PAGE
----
eriecanalAs I go along, working on the plan and characters, one of the characters will reveal herself or himself to me and I will think, “Oh, I get it … that’s why you are that way. I see now,” and things about the story or the characters unfold to me. It isn’t like I sit there and have to think hard to make things up, I just set my mind in the direction of my story or one of the characters and the details sort of materialize into existence.

I know I am creating it, and I am responsible for the direction of the story, the intent, etc. but it isn’t anything I am having to force or push this way or that. I just open myself up to it and it comes out and the things that open up to me this way about the story or the characters tends to be the really good stuff, like the gold that is found in a rich vein in a mountain.

Some of the process is work, some of it is play, and I love every bit of it. My only regret is that I cannot devote more hours in a day to the creating of my story.

neighborsConcurrent with writing the story, I am developing knitting patterns to go along with it, because the main characters are involved together in a knitting group and there are aspects of their relationship to each other as friends who knit that are key to the story. There will be at least one pattern per character that I will release so that people can, if they choose, knit similar items and perhaps feel an extra connection with the characters because of being able to share in their reality in this way. I think this is an interesting opportunity for me as a writer, and for my knitting readers.

So far, I have designed a pair of leg warmers (I have to knit the second one still), a cowl (in the photo at the top of this post), a hat, and a neck warmer. The cowl, hat, and neck warmer are a coordinated set that have been a complete pleasure to knit using the Fisherman’s Rib stitch pattern — something I think you will all love very much.

My four year old grand daughter got hold of my cowl one day and put it on and lo, and behold if it didn’t look like a wonderful little cape on her. It fit her perfectly, hugged her shoulders and draped just right.  I plan on putting it out there as a versatile piece that could be a cozy little self-wrapping cape for a little girl or a cowl for a lady.  My daughter fell in love with it both when she saw me model it and when she saw her little one wearing it and asked that I knit them a matching set to wear together next winter.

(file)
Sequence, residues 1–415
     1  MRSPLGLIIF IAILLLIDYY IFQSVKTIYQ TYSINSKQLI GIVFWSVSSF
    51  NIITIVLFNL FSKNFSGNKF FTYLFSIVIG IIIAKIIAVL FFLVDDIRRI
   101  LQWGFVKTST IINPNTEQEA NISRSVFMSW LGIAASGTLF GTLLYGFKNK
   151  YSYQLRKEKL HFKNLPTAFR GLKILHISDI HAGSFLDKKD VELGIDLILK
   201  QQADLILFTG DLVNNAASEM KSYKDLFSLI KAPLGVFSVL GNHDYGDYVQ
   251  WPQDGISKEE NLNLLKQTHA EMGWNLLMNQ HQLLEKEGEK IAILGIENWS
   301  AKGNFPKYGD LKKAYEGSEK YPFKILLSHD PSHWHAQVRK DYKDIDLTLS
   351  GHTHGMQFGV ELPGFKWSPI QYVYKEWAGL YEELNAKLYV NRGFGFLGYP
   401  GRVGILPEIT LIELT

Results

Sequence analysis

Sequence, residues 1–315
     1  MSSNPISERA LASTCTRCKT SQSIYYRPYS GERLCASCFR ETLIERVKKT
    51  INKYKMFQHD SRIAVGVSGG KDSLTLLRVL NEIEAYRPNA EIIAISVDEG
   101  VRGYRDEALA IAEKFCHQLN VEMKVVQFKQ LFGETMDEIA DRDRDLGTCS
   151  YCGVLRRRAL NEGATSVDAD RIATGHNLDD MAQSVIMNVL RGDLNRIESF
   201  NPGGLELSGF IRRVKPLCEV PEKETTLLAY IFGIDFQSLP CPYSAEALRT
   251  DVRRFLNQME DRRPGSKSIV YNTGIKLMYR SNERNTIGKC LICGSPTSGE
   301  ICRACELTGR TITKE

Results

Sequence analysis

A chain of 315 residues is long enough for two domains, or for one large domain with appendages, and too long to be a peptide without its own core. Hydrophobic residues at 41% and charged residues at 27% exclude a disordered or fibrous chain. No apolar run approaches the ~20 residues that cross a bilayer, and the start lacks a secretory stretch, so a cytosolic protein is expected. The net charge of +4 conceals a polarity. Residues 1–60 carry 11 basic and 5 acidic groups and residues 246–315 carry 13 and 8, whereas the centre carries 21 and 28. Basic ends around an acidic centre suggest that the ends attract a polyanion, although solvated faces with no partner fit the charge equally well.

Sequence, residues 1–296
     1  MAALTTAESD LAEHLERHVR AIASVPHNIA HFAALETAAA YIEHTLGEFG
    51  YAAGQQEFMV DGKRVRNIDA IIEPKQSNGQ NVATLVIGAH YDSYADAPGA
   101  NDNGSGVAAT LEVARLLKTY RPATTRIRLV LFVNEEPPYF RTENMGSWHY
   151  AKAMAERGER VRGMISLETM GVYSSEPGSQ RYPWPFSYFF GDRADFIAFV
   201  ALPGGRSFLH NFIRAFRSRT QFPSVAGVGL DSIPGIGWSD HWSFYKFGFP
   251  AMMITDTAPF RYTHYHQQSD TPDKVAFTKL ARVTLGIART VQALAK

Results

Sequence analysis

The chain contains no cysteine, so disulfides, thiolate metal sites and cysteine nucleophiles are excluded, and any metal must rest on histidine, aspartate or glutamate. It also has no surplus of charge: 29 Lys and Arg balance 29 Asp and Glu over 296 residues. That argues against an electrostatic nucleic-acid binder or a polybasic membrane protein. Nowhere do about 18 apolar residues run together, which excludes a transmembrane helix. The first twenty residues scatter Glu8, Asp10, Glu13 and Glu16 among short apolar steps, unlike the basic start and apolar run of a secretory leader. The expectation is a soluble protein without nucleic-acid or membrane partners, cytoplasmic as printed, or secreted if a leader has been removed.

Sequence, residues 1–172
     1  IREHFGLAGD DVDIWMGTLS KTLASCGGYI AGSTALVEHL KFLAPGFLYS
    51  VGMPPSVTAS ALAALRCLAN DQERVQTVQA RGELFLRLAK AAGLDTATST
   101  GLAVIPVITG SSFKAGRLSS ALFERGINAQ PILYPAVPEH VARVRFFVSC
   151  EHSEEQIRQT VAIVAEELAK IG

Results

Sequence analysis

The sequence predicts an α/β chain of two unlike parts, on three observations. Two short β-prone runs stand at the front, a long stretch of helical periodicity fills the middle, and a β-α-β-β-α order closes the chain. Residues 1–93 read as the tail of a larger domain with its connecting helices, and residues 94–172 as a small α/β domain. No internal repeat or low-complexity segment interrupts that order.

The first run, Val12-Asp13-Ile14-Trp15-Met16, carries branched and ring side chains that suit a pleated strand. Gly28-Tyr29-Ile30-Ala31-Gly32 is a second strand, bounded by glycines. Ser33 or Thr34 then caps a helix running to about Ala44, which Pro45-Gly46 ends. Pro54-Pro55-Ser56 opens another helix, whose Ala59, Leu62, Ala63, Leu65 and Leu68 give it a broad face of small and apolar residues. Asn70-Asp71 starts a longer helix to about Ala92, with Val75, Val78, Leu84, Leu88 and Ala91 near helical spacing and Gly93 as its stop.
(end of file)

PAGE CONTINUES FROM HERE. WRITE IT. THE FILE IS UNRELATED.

The patterns from the story will be released about the same time as the book, which I aim to have ready and published electronically for Kindle and other eBook readers by early October of this year. Some of the patterns will be free, some will be paid and all will have a special connection to the story line and the characters involved in the story.

riverI am up early this morning; it is just now only 4:45 a.m., so I have been up quite some time. I’m going to end off here and wish you a fine day.

Thank you for reading.

I will make every attempt to write more regularly once again, and to continue to add my bit to the shining of the sun in life each and every day.

A bit more of good news and joy: my mother will come to visit with us for the entire month of April.  It will be so good to see her again, and to see her here.  My son will also arrive in April, so we will have a full house and plenty of opportunities to create and share joy.

Joy to you, and joy to the world.

~ firefly

26 thoughts on “Joy to the world, yes even in March”

  1. Really – you’re going to make us wait until next Fall for the pattern for the cowl? It would be perfect in Minnesota right now!!

    1. Ha ha … I can imagine it would be. I haven’t written the pattern yet or gotten it ready for publication. The way I do my patterns is time consuming, and it will take me a while to get everything prepped and ready to go. I think it will be worth the wait though. :-)

    2. Love the cowl & will look forward to the book! Today’s blog was a great piece. Thanks for sharing. Easy to identify with -

    1. The dog sweater pattern is an interesting idea. Yes, there is a dog in the story, a big one like in the photo in this post. He shows up later, not at the beginning.